Virtual Webinar 2: Putting Digital Rights on the Corporate Governance Agenda
The second webinar, held on March 23, focused on the importance of building trust online and how the private sector’s embrace of digital rights can create a more inclusive and safer online environment. Experts included Rebecca MacKinnon, Founding Director of Ranking Digital Rights; Francisco Ashley Acedillo, Assistant Vice President for Cybersecurity Strategy and Innovation at PLDT-Smart Center; and, Dr. Kenny Huang, the CEO & Chairman of the Taiwan Network Information Center.
Referencing the 2020 Ranking Digital Rights Corporate Accountability Index and the United Nation’s Guiding Principles on Business and Human Rights, which the index is based on, Rebecca MacKinnon explained how the index incentivizes businesses to demonstrate their commitment to transparency and users’ digital rights. Francisco Ashley Acedillo highlighted how PLDT-Smart Center, a subsidiary of the largest telecommunications company in the Philippines, mainstreams cybersecurity best practices into their company’s everyday business operations. Such integration includes establishing a privacy risk impact assessment, elevating the role of cybersecurity officers to enhance the visibility of cybersecurity and data privacy issues to the decision makers, and offering various channels to respond to data service requests from users.
While these practices are at the firm level, Dr. Kenny Huang shared how his work with internet intermediaries – such as search engines, platform providers, or domain registries – can work with the larger internet community to build user trust and protect digital rights from cyberthreats in the digital space. It is clear from the speakers’ insights that digital rights awareness remains low across the business community. To learn more about digital rights and advocacy, visit: https://openinternet.global/.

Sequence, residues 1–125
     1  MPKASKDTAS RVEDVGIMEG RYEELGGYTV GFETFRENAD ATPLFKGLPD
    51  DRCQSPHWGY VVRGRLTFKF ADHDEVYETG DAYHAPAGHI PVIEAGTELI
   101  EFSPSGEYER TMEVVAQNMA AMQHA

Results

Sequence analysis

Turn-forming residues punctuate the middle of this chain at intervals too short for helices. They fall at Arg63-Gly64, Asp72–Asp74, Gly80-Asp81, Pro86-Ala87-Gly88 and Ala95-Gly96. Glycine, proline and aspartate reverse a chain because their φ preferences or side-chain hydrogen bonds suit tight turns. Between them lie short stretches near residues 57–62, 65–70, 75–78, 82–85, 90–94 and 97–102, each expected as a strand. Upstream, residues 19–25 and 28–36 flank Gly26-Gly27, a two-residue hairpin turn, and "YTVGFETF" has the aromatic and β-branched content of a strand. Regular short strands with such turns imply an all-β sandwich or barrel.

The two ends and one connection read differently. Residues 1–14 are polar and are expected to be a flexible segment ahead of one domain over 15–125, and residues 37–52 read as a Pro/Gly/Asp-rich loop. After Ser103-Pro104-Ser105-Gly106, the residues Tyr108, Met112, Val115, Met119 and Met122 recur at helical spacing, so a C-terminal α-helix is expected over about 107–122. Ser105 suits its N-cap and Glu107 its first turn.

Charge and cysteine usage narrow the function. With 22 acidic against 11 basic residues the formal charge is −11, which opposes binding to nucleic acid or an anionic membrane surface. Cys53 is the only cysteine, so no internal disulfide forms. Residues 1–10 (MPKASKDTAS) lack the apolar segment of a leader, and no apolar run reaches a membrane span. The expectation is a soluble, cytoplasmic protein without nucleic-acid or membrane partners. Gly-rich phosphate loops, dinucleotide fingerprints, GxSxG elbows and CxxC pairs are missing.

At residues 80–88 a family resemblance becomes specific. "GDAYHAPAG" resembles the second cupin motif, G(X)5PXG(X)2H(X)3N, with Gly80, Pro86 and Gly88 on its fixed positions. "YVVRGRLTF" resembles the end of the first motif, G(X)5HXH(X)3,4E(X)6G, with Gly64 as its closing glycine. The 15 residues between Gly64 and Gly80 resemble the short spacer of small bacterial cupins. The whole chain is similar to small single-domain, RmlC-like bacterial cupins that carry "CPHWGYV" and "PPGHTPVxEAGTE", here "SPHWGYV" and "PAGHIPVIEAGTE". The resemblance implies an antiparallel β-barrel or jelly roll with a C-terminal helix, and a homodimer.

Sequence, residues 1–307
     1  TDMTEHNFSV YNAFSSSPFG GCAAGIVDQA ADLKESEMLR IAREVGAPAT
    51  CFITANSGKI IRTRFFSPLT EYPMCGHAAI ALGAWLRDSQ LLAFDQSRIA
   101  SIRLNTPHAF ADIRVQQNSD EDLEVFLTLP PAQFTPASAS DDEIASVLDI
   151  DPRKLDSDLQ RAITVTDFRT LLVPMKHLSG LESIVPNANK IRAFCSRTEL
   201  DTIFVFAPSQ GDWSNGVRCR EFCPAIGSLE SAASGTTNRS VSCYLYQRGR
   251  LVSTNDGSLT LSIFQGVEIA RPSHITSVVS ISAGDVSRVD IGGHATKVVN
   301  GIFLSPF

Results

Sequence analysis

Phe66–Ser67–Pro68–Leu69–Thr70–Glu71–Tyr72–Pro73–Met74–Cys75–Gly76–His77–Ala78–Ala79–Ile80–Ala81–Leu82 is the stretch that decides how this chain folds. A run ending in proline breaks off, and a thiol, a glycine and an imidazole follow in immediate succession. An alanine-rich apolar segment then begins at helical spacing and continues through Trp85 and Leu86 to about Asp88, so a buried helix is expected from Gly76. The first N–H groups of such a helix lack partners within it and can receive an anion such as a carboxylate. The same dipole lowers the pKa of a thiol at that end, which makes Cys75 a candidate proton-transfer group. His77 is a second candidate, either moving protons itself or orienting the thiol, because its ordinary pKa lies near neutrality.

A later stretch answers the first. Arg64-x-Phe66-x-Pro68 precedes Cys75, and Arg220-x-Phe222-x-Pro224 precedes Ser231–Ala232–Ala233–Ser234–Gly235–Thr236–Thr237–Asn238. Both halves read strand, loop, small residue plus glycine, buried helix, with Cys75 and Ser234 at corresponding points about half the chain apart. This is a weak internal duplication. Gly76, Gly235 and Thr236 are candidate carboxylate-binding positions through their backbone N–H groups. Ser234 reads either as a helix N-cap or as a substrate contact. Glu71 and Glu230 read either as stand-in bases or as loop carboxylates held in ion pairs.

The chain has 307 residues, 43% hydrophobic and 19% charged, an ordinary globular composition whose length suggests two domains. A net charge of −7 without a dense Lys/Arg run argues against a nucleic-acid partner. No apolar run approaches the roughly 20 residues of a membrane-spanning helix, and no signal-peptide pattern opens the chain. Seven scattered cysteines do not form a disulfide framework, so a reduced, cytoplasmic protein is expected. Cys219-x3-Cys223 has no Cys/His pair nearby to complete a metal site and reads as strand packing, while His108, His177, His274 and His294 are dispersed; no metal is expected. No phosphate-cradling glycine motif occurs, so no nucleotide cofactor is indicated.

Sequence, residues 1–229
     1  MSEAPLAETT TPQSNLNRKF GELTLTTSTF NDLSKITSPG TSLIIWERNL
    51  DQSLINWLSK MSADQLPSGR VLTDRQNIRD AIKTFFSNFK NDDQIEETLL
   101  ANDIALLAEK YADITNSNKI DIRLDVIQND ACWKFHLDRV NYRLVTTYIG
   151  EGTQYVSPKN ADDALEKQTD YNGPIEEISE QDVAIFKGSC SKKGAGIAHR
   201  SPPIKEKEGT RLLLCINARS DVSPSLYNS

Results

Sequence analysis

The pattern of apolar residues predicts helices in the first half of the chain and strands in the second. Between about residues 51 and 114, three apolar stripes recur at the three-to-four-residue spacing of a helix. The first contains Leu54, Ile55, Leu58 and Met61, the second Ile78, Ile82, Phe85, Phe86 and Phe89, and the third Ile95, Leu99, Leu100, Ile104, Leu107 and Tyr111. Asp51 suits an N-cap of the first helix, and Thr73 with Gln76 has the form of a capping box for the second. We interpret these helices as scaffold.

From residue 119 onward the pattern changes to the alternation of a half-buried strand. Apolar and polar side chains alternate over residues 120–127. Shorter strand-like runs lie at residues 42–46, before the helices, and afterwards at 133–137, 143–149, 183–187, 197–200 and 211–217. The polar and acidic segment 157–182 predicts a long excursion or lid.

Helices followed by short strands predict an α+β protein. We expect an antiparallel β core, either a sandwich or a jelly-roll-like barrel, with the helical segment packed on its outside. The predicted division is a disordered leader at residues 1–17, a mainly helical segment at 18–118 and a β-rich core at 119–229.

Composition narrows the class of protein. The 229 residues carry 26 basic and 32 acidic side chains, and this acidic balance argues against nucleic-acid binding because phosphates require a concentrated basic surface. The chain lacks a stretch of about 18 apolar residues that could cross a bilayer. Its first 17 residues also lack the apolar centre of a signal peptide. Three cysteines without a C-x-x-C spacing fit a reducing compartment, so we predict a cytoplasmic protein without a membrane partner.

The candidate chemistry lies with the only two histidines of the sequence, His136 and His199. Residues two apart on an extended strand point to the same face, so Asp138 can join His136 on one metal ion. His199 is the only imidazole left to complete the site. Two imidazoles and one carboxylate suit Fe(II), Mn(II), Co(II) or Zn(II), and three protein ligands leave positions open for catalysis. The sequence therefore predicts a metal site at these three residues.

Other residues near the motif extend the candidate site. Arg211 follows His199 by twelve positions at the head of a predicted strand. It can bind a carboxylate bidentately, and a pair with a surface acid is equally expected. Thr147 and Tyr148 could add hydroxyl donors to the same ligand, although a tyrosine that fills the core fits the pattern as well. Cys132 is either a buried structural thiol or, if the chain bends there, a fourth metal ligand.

Virtual Webinar 3: Entrepreneurial Resilience in the Aftermath of COVID-19
In the final webinar, held on May 5, panelists focused on approaches to building more entrepreneurial and resilient ecosystems for SMEs to compete in the digital age. CIPE convened Gina Romero, CEO of Connected Women; Wek De Guzman, the Founder and CEO of SocialFilo; Rachel Chang, Founder and CEO of Kairos International Marketing Group; and Dr. T.M. Zakir Sjakur Machmud, the Director of Small and Medium Enterprise Center, Faculty of Economics & Business University of Indonesia (UKMC FEBUI).